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CartWheel's Jessica Rogers looks to the next pop-up frontier

Kansas City's pop-up pioneer Jessica Rogers is behind CartWheel.

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The pop-up scene outside the warehouses the first weekend of the month had grown to include people selling from tables in the middle of streets, sidewalks and parking lots, which Arnett-Bequeaith says blocked access to the 20 established shops and caused traffic concerns — pedestrian and vehicle. She says weekends can bring more than 5,000 people to the area.

Arnett-Bequeaith says the permit is permanent and she has worked out agreements to allow food trucks on the streets, but with restrictions on where and when they can sell. And each pays a fee.

Would she let pop-up retailers back in?

"If they are willing to pay, I'm willing to sit down and talk to them about a business agreement," she says.

But some vendors argue that public streets and sidewalks should remain fair game.

"He found this loophole, and now he has a monopoly on the area," Brezinka says of Summers. "It doesn't seem fair."

So the banned retail pop-ups have turned their efforts to an event several blocks southwest of the Monty Summers zone — the gypsy market. Rogers helps manage Genessee Royale, and her boss, Todd Schulte, gave the OK for use of the restaurant lot. Rogers' bus is now a regular here and at First Fridays in the Crossroads, and she has sold at other festivals and markets around town.

"We're excited to be part of getting this end of the West Bottoms going," Rogers says of the gypsy market. "And besides, we're different from the other end. We're more youthful, funkier."


The July West Bottoms snafu was the first time that Rogers had been asked to leave while selling, but others have made it clear in advance that she isn't welcome.

A couple of weeks before this spring's Brookside Art Annual, she asked to join. She says she received an e-mail response that her presence would be disrespectful to the artists who signed up a year ago.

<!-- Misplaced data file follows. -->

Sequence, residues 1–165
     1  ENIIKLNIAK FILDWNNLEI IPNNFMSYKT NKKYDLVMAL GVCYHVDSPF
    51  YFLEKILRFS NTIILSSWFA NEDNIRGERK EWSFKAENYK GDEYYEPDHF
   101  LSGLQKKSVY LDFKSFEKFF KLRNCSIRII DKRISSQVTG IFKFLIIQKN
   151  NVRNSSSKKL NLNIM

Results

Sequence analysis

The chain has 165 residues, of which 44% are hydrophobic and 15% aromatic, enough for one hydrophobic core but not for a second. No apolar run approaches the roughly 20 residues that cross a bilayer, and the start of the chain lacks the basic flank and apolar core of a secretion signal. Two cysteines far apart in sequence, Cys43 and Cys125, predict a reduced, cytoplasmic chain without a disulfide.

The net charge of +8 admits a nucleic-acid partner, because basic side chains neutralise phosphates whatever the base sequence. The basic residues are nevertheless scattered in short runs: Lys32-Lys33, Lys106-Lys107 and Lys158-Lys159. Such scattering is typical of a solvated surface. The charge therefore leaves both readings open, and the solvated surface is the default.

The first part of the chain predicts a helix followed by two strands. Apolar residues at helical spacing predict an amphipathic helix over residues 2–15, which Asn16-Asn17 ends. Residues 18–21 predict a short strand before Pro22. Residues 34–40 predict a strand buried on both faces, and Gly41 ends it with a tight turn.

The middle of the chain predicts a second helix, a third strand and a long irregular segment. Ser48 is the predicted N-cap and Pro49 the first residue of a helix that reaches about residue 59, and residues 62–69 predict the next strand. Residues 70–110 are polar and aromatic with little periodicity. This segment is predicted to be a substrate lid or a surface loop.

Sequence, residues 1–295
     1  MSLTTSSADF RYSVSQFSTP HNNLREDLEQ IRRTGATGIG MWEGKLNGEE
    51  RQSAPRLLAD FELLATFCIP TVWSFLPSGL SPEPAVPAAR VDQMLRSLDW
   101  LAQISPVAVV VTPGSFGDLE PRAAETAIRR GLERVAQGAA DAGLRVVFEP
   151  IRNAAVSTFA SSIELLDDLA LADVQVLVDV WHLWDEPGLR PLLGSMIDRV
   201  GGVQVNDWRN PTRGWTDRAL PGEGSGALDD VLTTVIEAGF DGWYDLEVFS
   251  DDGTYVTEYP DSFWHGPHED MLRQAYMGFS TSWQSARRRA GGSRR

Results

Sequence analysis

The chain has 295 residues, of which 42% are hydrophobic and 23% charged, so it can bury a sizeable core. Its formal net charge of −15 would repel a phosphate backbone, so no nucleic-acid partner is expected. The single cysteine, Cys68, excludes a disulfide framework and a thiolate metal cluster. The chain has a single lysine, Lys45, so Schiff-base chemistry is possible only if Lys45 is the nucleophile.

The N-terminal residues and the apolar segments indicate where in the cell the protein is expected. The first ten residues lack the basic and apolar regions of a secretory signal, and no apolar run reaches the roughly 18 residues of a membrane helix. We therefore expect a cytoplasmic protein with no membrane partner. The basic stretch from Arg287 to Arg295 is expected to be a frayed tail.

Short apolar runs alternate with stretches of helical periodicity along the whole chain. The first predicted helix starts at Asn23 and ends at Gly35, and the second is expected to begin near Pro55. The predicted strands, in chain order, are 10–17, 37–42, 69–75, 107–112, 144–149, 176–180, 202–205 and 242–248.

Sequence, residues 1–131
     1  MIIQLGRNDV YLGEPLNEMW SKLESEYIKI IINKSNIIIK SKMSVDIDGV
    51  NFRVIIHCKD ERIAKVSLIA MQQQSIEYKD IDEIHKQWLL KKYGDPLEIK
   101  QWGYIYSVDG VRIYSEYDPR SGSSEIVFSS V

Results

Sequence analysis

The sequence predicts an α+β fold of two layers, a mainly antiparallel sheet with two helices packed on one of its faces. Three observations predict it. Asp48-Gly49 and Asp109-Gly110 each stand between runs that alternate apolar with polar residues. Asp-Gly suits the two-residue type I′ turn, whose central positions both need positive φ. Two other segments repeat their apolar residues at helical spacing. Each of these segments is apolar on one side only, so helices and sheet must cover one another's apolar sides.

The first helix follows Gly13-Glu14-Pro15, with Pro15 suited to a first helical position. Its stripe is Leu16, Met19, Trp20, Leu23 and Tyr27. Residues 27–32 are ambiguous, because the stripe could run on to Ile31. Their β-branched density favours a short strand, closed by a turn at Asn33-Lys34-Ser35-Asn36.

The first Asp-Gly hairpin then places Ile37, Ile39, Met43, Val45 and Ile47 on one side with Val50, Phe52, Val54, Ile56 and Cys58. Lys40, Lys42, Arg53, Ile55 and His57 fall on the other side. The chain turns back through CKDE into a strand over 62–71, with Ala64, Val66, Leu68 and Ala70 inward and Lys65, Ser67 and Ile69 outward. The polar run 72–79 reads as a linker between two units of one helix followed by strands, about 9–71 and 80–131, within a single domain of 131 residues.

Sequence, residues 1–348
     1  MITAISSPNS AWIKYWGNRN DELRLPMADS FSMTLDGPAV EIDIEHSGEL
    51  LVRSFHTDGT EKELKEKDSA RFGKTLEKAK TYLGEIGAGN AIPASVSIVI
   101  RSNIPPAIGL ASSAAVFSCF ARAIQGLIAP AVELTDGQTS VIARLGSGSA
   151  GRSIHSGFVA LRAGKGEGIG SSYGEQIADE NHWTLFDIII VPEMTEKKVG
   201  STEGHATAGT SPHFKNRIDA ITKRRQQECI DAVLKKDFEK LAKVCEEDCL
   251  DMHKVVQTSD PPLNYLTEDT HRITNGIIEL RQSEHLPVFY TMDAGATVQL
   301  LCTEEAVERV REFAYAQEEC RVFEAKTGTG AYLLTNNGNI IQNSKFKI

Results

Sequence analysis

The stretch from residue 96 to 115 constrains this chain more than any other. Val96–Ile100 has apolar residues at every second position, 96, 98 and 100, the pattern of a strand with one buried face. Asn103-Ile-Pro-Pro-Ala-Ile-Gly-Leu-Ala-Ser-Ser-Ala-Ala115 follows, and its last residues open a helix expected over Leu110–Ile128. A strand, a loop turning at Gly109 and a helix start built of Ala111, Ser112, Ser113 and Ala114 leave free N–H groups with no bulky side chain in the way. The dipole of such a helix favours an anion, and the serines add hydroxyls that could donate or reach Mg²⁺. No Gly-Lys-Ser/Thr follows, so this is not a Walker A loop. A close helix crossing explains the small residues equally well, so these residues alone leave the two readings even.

Food trucks and restaurants had a disagreement similar to the West Bottoms retail argument, recalls John Pajor, with KC Bizcare, though the result was friendlier. Restaurant owners went back and forth on whether food trucks were stealing or drawing business at First Fridays in the Crossroads before deciding the more, the merrier. The settlement, however, came with some rules. The food trucks have their own desig­nated area, called the Truck Stop. Pajor says all involved seem to be happy with the setup.

"I think the arrangement adds to the festival atmosphere down there," Pajor says. "You really feel like there's a party going on."

He recalls Rogers' call to him last fall as the first time he had heard plans for a retail business on wheels. After Rogers started CartWheel, at least a couple of other mobile shops hit his radar. An Airstream trailer carries MoVi, a vintage-meets-modern clothing boutique. A weathered, UPS-like truck holds Blue Collar Antique and Restoration and its spiffed-up masculine finds, such as foundry molds turned into décor. And another mobile clothier is rumored to be in the works.

To avoid issues with the city, pop-up owners must conquer a paperwork checklist similar to that completed by traditional businesses. Pop-ups need sales-tax identification numbers, a registration with the Missouri Secretary of State's office, and a business license. Completing the process costs less than $100.

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